DENVER — When does a library cease to be a library?
What started as a debate over whether brick-and-mortar libraries would survive much further into the 21st century turned into an existential discussion on the definition of libraries, as a gathering of technologists here at the 2009 Educause Conference pondered the evolution of one of higher education’s oldest institutions.
“Let’s face it: the library, as a place, is dead,” said Suzanne E. Thorin, dean of libraries at Syracuse University. “Kaput. Finito. And we need to move on to a new concept of what the academic library is.”
her argument tapped into theories about the obsolescence of libraries — traditionally defined — that have grown along with the emergence of Web-based reference tools, e-books, digitized and born-digital content, and other technologies that some see as changing essential library functions.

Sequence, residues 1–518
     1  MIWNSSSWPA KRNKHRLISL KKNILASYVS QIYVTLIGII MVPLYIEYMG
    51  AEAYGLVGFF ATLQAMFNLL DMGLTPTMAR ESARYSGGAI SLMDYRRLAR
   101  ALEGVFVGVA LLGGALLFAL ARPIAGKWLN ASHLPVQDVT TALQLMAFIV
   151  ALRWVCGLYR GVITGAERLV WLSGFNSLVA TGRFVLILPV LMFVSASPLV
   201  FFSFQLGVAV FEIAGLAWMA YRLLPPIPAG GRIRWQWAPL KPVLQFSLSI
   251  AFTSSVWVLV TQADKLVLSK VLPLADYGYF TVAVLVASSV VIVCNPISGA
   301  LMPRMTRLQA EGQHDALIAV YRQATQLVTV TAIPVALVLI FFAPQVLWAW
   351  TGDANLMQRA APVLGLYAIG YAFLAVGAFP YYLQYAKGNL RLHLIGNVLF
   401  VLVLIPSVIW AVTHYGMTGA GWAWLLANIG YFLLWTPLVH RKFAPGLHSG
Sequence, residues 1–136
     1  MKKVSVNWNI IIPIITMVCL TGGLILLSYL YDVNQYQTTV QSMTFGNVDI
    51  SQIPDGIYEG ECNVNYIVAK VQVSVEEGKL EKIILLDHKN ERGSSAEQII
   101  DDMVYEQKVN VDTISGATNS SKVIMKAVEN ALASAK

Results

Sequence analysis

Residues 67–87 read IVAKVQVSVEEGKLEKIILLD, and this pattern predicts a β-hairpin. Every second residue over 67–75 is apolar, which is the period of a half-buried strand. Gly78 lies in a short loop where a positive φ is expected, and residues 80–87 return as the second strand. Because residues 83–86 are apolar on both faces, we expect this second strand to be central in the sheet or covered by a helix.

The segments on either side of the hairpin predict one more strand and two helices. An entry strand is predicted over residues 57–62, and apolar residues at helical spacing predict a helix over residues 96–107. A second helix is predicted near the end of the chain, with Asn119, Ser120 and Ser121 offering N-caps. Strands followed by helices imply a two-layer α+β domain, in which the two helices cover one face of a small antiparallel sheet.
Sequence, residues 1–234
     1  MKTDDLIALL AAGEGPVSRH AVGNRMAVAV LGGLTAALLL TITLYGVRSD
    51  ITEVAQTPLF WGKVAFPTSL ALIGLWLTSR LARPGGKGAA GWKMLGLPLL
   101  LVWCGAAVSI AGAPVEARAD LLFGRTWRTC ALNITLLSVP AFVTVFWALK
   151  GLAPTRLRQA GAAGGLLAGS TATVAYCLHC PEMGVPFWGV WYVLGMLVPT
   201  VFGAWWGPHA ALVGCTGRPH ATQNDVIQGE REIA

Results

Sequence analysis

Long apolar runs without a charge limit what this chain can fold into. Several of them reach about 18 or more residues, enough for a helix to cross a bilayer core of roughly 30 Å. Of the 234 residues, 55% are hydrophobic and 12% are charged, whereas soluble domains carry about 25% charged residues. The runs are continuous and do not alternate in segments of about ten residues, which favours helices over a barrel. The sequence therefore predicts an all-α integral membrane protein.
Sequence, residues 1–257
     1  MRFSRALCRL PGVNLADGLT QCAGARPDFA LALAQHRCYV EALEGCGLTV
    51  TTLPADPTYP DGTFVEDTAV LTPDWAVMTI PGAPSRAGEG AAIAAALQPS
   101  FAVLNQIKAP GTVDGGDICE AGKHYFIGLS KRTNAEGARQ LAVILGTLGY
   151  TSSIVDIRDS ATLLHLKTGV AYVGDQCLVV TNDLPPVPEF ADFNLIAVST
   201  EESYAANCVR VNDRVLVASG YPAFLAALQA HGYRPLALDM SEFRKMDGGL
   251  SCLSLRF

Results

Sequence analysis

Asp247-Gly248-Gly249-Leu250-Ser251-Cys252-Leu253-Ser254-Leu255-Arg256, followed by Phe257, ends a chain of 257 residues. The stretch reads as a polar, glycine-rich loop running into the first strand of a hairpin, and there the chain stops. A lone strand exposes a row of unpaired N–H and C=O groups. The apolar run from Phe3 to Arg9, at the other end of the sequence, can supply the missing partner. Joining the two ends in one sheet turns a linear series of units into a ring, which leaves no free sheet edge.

Certain major research universities, she noted, have even begun moving their books to off-campus storage facilities due to space issues and a diminishing need for on-site hard copies. Libraries everywhere are eliminating pricey subscriptions to printed academic journals, often opting for less expensive digital versions.
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